FIG 1-Bettersize.jpg


Figure 2

Figure 3

Particle Size Result: Figure 4 and Figure 5 provide the particle size distribution of ground coral reef and lazurite, each for 0 seconds, 30 seconds, 60 seconds, and 90 seconds. The particle size distribution of these two mineral pigments shows a very similar trend that can also be observed in Table 1 and Table 2.

Figure 4


Table 1. Typical particle size values of three coral samples





Coral 00s




Coral 30s




Coral 60s




Coral 90s





Figure 5


Table 2. Typical particle size values of three lazurite samples





Lazurite 00s




Lazurite 30s




Lazurite 60s




Lazurite 90s





Hiding Power Result: The hiding power of these pigment samples, which refers to the ability of a pigment to effectively conceal the substrate underneath it, is measured by applying the standard method outlined in ASTM D6441-05. In this method, after painting the pigment onto smooth, glossy test panels divided equally into black and white areas with a straight boundary, the coverage of the pigment can be visually evaluated as shown in Figure 6. To obtain an accurate percentage, it is necessary to use a testing instrument to measure the hiding power of the samples.

Figure 6

  Figure 6b

Figure 6: Example of hiding power 50% vs. 100%

The correlation curves between hiding power, median particle size Dv50, and grinding time for coral and lazurite are shown in Figure 7 and Figure 8. Mineral pigments composed of coarse particles generally exhibit higher color saturation and lower lightness, resulting in weaker hiding strength. In contrast, fine particle pigments, due to their smaller size, can better fill the paint surface, resulting in a more uniform color and stronger hiding strength.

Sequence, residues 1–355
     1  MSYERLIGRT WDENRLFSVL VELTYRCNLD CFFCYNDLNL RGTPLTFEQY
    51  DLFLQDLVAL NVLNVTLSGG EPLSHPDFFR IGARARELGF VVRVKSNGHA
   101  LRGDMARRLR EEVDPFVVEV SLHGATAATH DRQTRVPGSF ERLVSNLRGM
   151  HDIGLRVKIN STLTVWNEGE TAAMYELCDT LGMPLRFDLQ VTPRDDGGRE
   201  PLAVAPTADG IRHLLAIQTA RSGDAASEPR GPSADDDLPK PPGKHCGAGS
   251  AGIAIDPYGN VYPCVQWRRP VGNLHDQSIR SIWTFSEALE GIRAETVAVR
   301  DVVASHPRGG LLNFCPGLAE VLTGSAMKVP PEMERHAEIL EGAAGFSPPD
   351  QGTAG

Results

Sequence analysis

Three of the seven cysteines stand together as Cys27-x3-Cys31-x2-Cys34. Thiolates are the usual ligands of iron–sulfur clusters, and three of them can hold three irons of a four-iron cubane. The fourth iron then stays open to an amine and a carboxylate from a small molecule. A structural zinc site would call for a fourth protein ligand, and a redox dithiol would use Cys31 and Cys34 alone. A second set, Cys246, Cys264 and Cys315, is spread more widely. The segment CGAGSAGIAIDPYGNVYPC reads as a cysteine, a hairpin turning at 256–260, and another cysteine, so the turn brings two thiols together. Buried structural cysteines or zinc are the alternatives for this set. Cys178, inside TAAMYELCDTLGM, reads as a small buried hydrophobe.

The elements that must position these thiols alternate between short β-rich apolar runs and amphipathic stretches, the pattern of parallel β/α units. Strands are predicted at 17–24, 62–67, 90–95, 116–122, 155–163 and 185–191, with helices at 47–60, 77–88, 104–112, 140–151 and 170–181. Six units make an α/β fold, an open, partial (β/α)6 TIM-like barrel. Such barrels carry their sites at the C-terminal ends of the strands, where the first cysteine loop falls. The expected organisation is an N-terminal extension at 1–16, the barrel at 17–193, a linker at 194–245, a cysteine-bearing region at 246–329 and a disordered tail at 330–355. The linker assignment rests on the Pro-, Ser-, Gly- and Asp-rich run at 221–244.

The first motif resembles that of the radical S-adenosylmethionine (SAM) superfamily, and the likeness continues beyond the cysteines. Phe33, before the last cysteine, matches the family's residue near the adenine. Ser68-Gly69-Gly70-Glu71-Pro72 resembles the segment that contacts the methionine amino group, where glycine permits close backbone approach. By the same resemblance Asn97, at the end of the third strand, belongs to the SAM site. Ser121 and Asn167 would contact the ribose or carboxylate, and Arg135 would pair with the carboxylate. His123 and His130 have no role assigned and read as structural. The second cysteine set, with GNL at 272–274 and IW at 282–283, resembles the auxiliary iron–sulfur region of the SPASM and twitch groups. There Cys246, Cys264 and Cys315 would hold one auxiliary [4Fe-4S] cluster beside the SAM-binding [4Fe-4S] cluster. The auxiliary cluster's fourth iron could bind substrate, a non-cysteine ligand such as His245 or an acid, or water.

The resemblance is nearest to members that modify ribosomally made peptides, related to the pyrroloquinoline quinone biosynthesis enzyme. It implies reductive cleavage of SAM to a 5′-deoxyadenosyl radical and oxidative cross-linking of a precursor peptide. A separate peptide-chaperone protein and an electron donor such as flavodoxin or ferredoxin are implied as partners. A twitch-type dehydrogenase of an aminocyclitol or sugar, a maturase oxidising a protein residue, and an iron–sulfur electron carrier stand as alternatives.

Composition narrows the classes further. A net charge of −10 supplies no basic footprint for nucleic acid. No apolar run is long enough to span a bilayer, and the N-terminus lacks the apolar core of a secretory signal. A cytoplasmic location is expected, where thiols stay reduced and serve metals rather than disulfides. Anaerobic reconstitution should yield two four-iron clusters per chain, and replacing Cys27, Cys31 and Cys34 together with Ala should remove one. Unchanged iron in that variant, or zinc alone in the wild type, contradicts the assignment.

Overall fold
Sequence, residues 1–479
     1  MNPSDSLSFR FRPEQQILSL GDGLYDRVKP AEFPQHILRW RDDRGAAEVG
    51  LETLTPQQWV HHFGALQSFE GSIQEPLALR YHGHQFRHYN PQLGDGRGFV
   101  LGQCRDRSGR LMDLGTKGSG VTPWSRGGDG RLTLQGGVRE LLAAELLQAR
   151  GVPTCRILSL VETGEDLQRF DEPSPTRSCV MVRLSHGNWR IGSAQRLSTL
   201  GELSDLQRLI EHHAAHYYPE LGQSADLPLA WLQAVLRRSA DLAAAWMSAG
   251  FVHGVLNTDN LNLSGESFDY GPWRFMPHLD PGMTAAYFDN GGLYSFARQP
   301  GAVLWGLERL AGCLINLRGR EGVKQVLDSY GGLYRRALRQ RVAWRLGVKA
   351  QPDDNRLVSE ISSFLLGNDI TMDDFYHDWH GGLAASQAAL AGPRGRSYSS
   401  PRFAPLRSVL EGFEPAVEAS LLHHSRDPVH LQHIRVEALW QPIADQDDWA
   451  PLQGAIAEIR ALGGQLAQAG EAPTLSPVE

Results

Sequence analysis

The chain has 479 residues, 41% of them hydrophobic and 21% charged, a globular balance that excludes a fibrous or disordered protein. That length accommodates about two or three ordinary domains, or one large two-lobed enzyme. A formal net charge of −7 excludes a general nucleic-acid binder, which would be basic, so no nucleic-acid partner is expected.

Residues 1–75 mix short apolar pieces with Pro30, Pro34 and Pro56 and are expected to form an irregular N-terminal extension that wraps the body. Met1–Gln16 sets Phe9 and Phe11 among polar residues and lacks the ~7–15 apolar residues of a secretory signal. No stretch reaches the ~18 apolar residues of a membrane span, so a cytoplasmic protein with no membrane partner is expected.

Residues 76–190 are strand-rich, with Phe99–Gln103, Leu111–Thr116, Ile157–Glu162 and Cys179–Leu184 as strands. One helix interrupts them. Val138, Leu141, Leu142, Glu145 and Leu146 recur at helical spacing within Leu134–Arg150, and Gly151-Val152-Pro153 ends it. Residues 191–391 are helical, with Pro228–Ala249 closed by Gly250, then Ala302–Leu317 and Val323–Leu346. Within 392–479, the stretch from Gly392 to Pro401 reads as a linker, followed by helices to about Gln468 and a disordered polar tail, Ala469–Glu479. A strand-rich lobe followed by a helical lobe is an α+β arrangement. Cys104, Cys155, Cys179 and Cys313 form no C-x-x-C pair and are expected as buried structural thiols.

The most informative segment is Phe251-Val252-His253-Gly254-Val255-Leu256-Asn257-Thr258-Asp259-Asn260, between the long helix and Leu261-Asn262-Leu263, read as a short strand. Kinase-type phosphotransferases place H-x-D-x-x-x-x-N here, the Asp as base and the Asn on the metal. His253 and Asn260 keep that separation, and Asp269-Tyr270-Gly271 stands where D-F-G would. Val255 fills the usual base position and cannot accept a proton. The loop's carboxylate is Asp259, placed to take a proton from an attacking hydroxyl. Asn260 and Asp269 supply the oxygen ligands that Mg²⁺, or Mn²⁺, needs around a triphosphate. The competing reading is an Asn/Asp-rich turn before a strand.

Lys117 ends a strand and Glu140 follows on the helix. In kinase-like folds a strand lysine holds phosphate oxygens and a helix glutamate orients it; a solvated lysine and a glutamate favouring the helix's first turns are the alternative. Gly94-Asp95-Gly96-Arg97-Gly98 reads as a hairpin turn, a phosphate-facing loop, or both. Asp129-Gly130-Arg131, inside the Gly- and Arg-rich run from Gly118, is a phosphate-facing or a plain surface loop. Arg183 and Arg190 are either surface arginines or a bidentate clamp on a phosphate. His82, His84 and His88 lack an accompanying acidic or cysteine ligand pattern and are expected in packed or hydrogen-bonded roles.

From the trends observed in these two graphs, it can also be concluded that once the particle size reaches a certain small value, the hiding power will approach 100%, which means that further grinding cannot significantly change the coverage exhibited by the pigment. Therefore, by utilizing the laser particle size analyzer, this critical particle size threshold value can be determined, enabling the avoidance of unnecessary grinding in industrial processes and thus lower milling costs.

Figure 7

Figure 8


By comparing and analyzing the results of these two mineral samples, instead of one pigment, this experiment validates the universality of the impact of particle size on hiding power across different types of minerals. This association is not limited to one specific type of minerals but has broader applicability, which further strengthens the understanding of this correlation.

For various types of mineral materials, different particle size range shows corresponding hiding strength. Therefore, the laser particle size analyzer can provide meticulous measurement of the granularity and support in finding the optimal balance between particle size and desired coverage, ensuring consistency in products.


This application note explores the in-depth study of the correlation between the particle size of mineral pigments and the hiding power, as well as the chromatic gradation of their color. As a result, it can assist customers in the fields of coatings, pigments, paints, and related industries to detect improve the formulation of coatings, ultimately resulting in enhanced coatings with precise control in manufacturing and production.

Feiqing Shen is assistant application engineer, Bettersize Instruments. For more information, call 833-699-7493 or visit